Local Republicans say the Republican National Convention has them fired up to help Mitt Romney win NC come November.
With the Republican National Convention this week, some local GOP supporters are feeling a boost in their party's energy. Ginny Cooper is the GOP chairwoman in Pitt County. Cooper says, "In 2008 I don't think we were quite up to getting things done. This time, we're ready."
The GOP is hoping to take NC back from Barack Obama, who won here in 2008.
ECU political science professor Jonathan Morris says, "It's always been assumed that Romney had the edge in North Carolina because this still is a state that leans a little more red than blue." But Morris says in recent months, the race tightened in our state. He says the changing demographics in North Carolina have made the state more democratic. Morris says, "That's going to keep this election close, and future elections are going to be closer than they have been in the state of North Carolina."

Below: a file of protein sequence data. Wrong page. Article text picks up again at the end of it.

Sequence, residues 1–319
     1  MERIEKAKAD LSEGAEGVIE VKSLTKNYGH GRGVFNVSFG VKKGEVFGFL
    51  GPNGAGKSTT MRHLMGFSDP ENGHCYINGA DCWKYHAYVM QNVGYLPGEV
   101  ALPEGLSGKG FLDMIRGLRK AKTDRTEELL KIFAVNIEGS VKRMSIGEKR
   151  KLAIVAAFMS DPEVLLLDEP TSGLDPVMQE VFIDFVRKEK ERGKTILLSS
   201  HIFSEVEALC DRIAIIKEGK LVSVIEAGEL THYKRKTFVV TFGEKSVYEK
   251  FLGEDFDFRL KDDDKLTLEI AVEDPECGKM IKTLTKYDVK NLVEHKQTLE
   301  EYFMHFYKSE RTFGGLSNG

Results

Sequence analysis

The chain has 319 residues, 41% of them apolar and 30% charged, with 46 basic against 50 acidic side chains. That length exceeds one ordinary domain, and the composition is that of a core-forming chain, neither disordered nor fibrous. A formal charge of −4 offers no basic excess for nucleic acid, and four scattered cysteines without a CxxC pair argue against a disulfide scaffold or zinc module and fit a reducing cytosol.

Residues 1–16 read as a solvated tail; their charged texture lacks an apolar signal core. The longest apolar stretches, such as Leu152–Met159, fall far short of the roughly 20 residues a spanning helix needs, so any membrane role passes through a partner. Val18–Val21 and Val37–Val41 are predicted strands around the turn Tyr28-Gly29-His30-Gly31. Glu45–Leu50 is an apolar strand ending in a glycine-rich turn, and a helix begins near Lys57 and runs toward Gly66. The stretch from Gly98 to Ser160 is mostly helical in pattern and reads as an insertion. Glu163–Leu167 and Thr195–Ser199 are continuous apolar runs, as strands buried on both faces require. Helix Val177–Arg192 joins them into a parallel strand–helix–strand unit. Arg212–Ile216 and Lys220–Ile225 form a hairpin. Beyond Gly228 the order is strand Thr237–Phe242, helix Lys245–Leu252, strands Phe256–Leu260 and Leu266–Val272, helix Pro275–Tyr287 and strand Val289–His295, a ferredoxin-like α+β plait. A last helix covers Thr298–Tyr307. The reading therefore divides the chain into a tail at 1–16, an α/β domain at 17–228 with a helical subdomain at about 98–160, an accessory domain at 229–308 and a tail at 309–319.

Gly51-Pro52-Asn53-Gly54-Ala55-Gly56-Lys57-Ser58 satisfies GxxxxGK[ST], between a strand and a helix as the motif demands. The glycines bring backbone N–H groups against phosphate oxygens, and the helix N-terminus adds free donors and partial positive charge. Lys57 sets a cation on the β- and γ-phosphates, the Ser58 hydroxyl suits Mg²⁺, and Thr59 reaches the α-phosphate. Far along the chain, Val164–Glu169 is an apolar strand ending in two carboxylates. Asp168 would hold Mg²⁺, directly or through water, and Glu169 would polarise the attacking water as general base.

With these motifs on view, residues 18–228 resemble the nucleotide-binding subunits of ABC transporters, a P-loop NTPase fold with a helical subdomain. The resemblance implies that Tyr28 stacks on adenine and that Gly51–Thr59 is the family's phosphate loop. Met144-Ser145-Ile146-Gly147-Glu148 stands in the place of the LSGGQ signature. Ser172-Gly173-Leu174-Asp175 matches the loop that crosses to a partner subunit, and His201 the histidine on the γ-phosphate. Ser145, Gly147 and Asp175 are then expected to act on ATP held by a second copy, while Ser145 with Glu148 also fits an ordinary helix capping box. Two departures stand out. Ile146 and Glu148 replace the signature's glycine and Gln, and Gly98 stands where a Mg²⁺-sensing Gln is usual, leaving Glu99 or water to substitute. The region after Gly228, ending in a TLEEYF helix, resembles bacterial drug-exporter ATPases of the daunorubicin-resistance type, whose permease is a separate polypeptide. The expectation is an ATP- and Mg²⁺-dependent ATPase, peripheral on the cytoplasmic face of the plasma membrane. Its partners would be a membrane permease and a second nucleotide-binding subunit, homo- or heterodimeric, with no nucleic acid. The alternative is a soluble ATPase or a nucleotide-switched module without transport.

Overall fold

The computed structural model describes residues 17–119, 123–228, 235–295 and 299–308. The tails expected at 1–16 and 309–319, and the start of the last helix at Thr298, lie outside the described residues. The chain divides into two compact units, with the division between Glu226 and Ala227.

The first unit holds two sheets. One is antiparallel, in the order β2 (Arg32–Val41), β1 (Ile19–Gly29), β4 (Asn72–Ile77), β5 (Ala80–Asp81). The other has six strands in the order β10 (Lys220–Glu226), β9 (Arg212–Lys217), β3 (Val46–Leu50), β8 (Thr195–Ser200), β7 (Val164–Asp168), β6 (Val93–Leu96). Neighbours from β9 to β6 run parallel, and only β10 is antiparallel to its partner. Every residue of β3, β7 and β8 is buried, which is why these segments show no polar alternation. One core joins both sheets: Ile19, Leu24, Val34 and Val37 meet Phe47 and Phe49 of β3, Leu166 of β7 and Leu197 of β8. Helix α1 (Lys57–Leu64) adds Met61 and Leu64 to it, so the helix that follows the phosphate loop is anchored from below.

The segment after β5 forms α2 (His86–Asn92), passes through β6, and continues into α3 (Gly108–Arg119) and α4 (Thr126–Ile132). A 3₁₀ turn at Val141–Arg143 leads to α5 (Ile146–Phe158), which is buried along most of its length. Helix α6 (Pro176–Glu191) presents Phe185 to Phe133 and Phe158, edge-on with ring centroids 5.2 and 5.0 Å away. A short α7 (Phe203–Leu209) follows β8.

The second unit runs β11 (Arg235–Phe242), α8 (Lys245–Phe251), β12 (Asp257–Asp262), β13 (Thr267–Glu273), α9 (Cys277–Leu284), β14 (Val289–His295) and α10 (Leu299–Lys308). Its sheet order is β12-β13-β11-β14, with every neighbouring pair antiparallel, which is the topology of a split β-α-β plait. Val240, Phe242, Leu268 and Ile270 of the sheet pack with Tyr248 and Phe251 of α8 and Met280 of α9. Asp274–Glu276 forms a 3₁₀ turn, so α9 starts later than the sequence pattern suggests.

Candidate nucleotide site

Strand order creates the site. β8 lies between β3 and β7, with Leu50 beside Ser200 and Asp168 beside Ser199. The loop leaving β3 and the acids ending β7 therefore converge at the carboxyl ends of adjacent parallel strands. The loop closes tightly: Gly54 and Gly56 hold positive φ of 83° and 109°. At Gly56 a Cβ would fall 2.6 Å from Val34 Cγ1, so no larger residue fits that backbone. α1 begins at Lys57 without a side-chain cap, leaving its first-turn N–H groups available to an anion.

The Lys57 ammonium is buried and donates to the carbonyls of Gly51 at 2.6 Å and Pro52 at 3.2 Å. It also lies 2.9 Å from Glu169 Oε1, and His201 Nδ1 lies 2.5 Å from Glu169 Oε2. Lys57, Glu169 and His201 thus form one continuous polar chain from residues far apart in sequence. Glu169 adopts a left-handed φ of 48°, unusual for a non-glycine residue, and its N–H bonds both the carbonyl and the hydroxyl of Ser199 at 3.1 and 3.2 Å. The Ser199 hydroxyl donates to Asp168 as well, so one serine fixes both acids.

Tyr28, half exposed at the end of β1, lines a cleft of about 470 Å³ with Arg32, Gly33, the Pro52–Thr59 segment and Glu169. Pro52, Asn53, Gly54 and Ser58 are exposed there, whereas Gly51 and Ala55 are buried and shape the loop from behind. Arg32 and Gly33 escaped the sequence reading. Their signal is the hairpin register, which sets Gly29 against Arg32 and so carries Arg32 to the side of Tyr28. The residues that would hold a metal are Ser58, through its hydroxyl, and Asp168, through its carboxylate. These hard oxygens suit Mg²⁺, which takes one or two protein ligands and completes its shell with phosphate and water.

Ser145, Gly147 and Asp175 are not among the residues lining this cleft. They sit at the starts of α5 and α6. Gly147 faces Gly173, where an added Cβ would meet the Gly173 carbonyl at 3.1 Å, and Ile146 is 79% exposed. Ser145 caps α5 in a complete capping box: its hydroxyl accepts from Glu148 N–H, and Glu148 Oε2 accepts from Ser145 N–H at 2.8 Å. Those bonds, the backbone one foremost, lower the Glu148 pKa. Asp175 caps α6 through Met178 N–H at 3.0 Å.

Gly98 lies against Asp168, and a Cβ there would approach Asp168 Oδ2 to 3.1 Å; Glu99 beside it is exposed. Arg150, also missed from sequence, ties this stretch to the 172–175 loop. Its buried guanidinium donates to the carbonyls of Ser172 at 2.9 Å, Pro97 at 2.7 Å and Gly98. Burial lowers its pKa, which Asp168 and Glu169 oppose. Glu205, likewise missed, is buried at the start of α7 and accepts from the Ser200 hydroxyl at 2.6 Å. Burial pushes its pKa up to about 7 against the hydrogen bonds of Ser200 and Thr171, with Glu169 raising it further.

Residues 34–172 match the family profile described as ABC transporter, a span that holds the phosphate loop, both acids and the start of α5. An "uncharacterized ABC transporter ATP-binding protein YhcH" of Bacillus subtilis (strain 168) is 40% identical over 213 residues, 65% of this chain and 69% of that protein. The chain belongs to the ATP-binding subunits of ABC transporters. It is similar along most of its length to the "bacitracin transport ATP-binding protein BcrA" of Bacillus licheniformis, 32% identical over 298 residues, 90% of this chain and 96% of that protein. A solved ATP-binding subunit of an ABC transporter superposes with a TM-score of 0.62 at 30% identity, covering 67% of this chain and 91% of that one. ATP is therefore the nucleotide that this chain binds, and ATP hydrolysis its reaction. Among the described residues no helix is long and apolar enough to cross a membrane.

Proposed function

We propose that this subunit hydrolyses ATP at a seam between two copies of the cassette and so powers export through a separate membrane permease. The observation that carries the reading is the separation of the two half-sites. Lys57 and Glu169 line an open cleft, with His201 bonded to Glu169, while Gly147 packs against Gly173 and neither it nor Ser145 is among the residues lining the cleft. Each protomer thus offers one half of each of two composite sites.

Cooper says polls don't surprise her. "When you get up into the Labor Day time period, people really start becoming engaged. I think you'll start seeing differences in the polls as we get closer to the election."
Greenville resident Ryan Query says at this point, he's not sure who he'll vote for. "Everything's in shambles so badly right now. I kinda thought Obama would get things going in the right direction so, I don't wanna go off on him." But he isn't crazy about Romney either.
Morris says with swing voters like Query, North Carolina is sure to be a heavy target for both candidates coming down the stretch. But he thinks most people have already decided who they are going to vote for. He says there are only about 8 to 10 percent of the voters who are in that swing voter range, not a very large group to try and persuade for these candidates.